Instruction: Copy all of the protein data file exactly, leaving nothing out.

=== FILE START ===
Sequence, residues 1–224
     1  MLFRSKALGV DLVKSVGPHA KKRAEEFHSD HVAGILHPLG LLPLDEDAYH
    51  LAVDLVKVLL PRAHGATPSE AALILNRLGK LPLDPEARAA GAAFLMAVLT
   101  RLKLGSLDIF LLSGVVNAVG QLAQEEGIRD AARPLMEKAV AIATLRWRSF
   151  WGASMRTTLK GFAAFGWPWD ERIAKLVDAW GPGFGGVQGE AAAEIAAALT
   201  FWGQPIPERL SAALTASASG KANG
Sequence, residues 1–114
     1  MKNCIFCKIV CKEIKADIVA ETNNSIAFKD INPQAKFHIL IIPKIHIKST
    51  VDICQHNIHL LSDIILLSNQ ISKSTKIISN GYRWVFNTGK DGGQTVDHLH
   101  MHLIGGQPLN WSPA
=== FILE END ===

Sequence, residues 1–224
     1  MLFRSKALGV DLVKSVGPHA KKRAEEFHSD HVAGILHPLG LLPLDEDAYH
    51  LAVDLVKVLL PRAHGATPSE AALILNRLGK LPLDPEARAA GAAFLMAVLT
   101  RLKLGSLDIF LLSGVVNAVG QLAQEEGIRD AARPLMEKAV AIATLRWRSF
   151  WGASMRTTLK GFAAFGWPWD ERIAKLVDAW GPGFGGVQGE AAAEIAAALT
   201  FWGQPIPERL SAALTASASG KANG
Sequence, residues 1–114
     1  MKNCIFCKIV CKEIKADIVA ETNNSIAFKD INPQAKFHIL IIPKIHIKST
    51  VDICQHNIHL LSDIILLSNQ ISKSTKIISN GYRWVFNTGK DGGQTVDHLH
   101  MHLIGGQPLN WSPA